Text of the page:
Today, the port has 10 quays used for cruises, cargo ships, recreational boats, and fishing. The port is undergoing expansion and development to create closer links with the city and provide better facilities for cruise passengers.
Quay 1 and 2 have been redeveloped for recreational and commercial use, with Quay 4 set for further redevelopment.
20. Chíllar River
The Rio Chillar river walk in the Cahorros natural park near Nerja is a popular hiking route. It’s a free park with a medium difficulty walk mostly in the river, requiring comfortable shoes and taking about 6-7 hours to complete.
The walk is a 16 km round trip and can be challenging, especially in the rainy season. Be prepared with sunscreen, food and drinks, a waterproof bag, and appropriate footwear.
The walk begins with a 1.5km walk on the asphalt road, Almachares, from the parking lots, and it’s important to follow the rules of the park, such as not littering or starting fires.
Frequently Asked Questions
What is Malaga best known for?
Málaga is known for its being the birthplace of world’s famous artist, Pablo Picasso, as well as being home to miles of sandy beaches, and historic attractions such as the Alcazaba fortress, Gibralfaro Castle, and the Picasso Museum. It is also famous for its delicious Andalusian cuisine, lively nightlife, and the Feria de Malaga.
Is Malaga Spain worth visiting?
Definitely! Malaga is a hidden gem in Spain, with stunning beaches, rich history and cultural heritage, delicious cuisine, and a vibrant nightlife. Pack your bags, grab your sunscreen, and head to Malaga for an unforgettable holiday experience!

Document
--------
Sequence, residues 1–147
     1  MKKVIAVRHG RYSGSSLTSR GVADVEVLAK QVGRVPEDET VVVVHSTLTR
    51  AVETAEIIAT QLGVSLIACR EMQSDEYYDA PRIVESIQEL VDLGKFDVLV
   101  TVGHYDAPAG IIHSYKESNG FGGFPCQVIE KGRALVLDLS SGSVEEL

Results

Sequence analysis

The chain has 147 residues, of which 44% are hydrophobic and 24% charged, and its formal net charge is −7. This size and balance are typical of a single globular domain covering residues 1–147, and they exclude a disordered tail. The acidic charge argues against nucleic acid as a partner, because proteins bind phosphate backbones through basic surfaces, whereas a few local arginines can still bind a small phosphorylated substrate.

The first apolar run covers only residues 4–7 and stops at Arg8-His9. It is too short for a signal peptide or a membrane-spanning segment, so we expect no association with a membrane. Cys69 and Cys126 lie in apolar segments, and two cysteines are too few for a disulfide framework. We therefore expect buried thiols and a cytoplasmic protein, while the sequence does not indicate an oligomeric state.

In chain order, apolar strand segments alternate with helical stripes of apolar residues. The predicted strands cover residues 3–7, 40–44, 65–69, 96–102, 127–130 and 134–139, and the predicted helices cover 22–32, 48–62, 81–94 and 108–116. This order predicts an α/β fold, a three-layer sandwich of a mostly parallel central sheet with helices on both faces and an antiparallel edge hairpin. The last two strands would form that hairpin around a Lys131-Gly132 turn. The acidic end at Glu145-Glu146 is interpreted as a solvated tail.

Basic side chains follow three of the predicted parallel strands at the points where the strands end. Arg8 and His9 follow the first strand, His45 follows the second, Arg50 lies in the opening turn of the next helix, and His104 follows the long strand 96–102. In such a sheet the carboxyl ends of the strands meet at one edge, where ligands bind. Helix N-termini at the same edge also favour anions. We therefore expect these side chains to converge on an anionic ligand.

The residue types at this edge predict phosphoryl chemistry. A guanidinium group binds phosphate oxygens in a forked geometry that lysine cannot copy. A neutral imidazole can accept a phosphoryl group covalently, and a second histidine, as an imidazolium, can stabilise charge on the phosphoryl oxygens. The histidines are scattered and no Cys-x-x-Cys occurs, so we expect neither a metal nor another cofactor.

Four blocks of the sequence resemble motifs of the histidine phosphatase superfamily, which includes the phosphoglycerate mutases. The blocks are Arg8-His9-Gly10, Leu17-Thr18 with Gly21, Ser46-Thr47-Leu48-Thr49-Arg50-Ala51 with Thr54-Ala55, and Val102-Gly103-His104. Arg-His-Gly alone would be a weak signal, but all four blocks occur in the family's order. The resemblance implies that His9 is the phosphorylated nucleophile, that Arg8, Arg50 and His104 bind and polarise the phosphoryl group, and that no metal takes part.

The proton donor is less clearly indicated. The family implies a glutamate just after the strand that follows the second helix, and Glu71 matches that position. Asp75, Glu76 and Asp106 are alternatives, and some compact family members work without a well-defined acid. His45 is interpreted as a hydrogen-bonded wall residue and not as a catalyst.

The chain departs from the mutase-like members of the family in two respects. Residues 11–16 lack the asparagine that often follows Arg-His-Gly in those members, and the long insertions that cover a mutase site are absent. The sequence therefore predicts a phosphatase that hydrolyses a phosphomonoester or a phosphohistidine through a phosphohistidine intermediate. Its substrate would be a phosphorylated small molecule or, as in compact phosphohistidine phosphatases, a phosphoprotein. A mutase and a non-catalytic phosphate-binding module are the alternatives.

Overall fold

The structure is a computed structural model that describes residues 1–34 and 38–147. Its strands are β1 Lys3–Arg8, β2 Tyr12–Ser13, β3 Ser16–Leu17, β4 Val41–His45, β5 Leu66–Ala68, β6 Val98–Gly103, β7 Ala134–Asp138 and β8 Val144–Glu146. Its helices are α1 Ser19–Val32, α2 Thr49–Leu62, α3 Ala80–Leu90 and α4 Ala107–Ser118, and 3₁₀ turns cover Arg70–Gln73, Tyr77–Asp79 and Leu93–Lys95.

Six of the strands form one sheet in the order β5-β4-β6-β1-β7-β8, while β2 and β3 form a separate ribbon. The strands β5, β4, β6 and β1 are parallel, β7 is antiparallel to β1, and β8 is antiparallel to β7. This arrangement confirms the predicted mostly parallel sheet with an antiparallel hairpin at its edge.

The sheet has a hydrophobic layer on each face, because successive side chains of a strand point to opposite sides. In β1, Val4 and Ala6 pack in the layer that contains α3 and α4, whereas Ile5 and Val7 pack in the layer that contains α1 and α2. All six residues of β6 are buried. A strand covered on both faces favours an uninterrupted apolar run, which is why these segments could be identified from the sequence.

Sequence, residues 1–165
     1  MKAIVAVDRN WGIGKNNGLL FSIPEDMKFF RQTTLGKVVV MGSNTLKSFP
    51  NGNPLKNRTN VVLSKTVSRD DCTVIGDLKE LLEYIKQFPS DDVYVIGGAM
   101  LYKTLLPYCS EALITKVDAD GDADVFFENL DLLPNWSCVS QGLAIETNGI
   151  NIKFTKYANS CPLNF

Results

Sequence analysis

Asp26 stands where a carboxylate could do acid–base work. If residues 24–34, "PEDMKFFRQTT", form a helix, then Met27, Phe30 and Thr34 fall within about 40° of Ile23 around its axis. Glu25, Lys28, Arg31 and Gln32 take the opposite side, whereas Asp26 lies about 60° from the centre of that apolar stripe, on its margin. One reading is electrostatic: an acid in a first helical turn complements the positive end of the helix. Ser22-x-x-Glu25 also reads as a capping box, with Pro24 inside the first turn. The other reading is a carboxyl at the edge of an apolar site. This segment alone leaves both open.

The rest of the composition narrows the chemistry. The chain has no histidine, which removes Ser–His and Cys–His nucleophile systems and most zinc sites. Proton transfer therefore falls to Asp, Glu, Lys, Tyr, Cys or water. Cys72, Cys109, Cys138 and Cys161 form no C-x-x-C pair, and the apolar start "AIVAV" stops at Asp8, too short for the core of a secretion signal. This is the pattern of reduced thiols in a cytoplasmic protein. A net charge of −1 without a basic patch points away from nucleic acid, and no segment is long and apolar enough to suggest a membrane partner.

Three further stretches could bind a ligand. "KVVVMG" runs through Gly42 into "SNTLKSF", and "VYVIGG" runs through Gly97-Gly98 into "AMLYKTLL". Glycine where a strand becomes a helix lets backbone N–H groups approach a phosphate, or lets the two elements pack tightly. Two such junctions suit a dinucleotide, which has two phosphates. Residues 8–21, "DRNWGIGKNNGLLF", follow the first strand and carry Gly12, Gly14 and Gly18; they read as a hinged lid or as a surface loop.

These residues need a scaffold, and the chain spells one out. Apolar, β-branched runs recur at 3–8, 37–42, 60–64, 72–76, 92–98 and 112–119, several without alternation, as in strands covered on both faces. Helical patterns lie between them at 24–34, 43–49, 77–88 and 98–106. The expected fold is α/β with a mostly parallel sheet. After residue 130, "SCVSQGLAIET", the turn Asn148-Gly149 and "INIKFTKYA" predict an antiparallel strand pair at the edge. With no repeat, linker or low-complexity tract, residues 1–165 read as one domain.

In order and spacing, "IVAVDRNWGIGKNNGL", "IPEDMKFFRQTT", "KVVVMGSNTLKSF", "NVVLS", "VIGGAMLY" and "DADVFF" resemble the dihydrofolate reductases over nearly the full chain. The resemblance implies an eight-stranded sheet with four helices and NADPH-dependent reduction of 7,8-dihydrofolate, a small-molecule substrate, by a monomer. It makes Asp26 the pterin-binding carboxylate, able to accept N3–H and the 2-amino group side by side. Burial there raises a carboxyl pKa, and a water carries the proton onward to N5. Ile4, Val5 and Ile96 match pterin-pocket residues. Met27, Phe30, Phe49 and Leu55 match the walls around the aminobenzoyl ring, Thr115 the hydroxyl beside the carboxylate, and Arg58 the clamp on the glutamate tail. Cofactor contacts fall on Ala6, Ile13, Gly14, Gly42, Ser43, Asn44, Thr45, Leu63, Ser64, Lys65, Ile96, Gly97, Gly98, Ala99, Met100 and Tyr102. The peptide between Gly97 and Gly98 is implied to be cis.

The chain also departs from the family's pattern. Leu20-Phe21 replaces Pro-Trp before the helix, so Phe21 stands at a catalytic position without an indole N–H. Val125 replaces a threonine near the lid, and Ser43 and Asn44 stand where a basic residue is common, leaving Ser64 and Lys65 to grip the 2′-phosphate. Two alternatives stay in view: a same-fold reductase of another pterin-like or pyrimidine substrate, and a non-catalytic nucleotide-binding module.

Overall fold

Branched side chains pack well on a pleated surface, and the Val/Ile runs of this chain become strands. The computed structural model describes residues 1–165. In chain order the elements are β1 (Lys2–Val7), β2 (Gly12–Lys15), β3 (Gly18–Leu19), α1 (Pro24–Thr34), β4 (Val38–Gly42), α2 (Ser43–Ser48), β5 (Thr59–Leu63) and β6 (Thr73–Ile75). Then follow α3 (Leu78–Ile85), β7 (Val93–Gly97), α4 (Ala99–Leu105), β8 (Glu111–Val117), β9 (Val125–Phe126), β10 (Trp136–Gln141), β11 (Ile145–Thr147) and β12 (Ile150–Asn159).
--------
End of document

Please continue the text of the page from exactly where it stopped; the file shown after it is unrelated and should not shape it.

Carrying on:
How to spend 3 days in Malaga?
Explore the historic Old Town, visit the Alcazaba Moorish fortress, taste the delicious local Spanish cuisine, relax on the beautiful beaches, and experience Malaga’s vibrant nightlife. Book a walking tour, a food tour, and a boat tour to make the most of your three-day stay.
How many days is enough for Malaga?
The answer to the question of how many days are enough for a trip to Malaga really depends on personal preferences and interests. A minimum of three to four days is recommended to see the major attractions and immerse oneself in the city’s culture.
What are the best things to do in Malaga for couples?
Some romantic things to do in Malaga include watching the sunset from a mirador, watching a flamenco show, taking a catamaran cruise, visiting the Alcazaba, and trying new foods at a chiringuito.
What are the best things to do in Malaga with families?
Some of the best things to do in Malaga for families with kids include visiting the Alcazaba Castle, enjoying the beaches, taking a segway tour or a bike tour, snorkeling in Nerja, and visiting museums such as Museo Automovilístico & Picasso Museum.
What are the best things to do in Malaga at night?
Check out the Alcazaba fortress lit up at night, hit the bars in the Soho district, catch a flamenco show, visit the Roman Theatre, or stroll the Paseo del Parque. So many options for a fun night out in Malaga!
See more: Where to Stay in Malaga First Time
So there you have it, the best things to do in Malaga, Spainfor your next trip. If you enjoyed my post, please leave a comment below.